Ignoring for the moment the restrictive regulations and the limited space on offer, I think Tilke’s biggest problem is that he tries to break circuit design down into a mathematical equation – that a long straight plus a heavy braking zone will equal overtaking. And it probably does work; we saw plenty of moves going into the hairpin at Hockenheim. But it tends to create a clinical, soulless and ultimately joyless circuit. The best circuits always followed the lay of the land, and had a more holisitic approach than Tilke’s mathematical one. It’s the only explanation I can think of for Spa and Silverstone being equally good, despite being polar opposites in terms of elevation, which the fans often hold up as the critical factor in circuit design.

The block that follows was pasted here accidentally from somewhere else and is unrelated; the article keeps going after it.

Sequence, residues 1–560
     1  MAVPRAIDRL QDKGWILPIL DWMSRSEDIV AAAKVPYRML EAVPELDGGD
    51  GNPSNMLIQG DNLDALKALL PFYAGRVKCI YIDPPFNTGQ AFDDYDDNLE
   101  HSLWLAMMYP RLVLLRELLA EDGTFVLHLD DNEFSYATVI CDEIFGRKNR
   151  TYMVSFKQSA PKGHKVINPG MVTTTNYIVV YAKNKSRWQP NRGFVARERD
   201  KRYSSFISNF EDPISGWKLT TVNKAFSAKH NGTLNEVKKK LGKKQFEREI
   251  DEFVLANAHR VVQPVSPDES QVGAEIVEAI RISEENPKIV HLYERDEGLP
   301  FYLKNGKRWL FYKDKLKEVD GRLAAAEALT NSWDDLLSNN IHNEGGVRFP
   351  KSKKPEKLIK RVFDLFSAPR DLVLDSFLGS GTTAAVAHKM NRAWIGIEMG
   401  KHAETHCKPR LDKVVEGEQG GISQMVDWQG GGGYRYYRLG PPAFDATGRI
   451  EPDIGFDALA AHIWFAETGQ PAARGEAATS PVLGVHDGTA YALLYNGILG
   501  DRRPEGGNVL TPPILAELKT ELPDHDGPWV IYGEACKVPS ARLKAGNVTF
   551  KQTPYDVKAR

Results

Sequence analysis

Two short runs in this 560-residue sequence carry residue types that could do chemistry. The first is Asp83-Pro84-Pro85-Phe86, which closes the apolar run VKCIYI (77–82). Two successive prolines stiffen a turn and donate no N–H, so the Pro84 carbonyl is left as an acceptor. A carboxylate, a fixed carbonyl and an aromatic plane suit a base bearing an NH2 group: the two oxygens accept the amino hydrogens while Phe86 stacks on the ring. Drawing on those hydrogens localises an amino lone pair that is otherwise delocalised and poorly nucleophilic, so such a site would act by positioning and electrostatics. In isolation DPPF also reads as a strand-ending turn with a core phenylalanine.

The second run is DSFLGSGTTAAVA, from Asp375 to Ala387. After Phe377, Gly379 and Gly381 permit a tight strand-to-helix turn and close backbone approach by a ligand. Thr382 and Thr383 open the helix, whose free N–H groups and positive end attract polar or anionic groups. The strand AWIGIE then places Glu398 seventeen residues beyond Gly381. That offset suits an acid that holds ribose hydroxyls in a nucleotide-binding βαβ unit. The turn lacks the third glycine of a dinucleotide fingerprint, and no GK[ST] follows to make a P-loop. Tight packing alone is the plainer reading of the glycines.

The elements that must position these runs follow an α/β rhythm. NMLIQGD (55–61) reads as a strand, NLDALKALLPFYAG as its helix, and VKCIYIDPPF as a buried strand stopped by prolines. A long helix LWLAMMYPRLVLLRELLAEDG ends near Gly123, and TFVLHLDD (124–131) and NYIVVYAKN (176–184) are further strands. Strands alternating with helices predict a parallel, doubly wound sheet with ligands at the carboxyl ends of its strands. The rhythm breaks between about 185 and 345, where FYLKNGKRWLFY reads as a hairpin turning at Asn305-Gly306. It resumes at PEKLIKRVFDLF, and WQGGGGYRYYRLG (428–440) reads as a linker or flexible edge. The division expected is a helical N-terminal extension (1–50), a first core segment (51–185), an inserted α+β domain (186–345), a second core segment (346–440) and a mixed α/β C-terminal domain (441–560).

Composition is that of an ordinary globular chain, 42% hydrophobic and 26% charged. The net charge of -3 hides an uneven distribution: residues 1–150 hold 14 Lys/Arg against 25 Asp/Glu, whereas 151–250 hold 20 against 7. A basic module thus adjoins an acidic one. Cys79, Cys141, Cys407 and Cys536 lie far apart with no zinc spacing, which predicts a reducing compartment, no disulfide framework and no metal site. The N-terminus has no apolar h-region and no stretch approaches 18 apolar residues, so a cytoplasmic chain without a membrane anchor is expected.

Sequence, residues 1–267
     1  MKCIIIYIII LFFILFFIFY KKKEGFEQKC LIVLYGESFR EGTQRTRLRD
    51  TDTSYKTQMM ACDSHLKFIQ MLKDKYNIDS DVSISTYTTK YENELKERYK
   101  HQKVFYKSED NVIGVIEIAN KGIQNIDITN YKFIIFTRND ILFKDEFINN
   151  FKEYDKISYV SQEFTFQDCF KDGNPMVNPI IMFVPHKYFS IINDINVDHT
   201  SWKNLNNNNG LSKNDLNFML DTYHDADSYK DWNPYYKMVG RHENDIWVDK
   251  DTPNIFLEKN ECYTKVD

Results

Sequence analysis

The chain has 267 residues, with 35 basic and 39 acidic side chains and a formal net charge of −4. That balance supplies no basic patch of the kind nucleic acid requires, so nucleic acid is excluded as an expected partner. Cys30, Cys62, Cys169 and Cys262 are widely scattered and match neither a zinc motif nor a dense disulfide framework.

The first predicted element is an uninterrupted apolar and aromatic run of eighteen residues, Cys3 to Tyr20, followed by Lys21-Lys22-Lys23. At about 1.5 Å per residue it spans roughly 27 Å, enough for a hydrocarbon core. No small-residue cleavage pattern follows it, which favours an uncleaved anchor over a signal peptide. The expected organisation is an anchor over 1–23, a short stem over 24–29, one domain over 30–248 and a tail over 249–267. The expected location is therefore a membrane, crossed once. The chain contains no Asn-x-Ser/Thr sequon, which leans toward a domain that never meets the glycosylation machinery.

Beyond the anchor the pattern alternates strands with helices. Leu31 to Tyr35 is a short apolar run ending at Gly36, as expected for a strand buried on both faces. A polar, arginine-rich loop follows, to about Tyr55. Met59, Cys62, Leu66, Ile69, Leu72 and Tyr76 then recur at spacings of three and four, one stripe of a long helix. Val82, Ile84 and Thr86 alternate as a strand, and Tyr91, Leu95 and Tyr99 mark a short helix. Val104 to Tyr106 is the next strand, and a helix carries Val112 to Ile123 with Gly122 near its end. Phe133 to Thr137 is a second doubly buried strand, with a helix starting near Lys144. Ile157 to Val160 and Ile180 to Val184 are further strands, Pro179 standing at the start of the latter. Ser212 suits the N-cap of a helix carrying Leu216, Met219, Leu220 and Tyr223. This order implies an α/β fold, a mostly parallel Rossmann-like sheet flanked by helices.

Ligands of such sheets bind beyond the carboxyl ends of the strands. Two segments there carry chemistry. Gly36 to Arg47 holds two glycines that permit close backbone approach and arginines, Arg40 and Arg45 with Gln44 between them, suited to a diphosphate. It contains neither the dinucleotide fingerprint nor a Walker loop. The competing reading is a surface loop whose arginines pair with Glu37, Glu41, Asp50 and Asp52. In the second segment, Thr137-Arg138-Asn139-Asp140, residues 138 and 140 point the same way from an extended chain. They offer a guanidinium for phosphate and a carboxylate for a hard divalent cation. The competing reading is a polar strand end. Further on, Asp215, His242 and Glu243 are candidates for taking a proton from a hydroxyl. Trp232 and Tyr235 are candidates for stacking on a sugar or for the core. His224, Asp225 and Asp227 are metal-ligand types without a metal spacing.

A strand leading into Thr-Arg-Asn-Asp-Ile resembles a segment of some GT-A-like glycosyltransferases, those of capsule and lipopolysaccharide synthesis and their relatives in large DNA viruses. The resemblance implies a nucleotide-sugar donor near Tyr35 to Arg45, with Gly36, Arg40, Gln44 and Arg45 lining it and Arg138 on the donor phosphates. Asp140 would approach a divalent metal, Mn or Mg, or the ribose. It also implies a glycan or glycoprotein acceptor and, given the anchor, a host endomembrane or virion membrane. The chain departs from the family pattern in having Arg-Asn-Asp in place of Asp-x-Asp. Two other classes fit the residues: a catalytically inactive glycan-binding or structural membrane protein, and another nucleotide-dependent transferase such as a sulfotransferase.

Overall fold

23rd July 2012, 10:29 at 10:29 amParticipant
What about a circuit drawing competition? FOM (or those who are about to build a new track) could organise one, set certain rules / limits and fans would then send them their drawings. Most of them would, of course, be useless but something like the 10 best designs could be published in an online survey. The most popular choice then would be put into practice. It shouldn’t become a norm, of course, but why not experiment once? Just to see if it’s possible to outdo Tilke?
23rd July 2012, 23:34 at 11:34 pm
Because it’s not so simple as drawing a line on a piece of paper and saying “here is my circuit, let’s build it”.
Viewing 11 posts - 16 through 26 (of 26 total)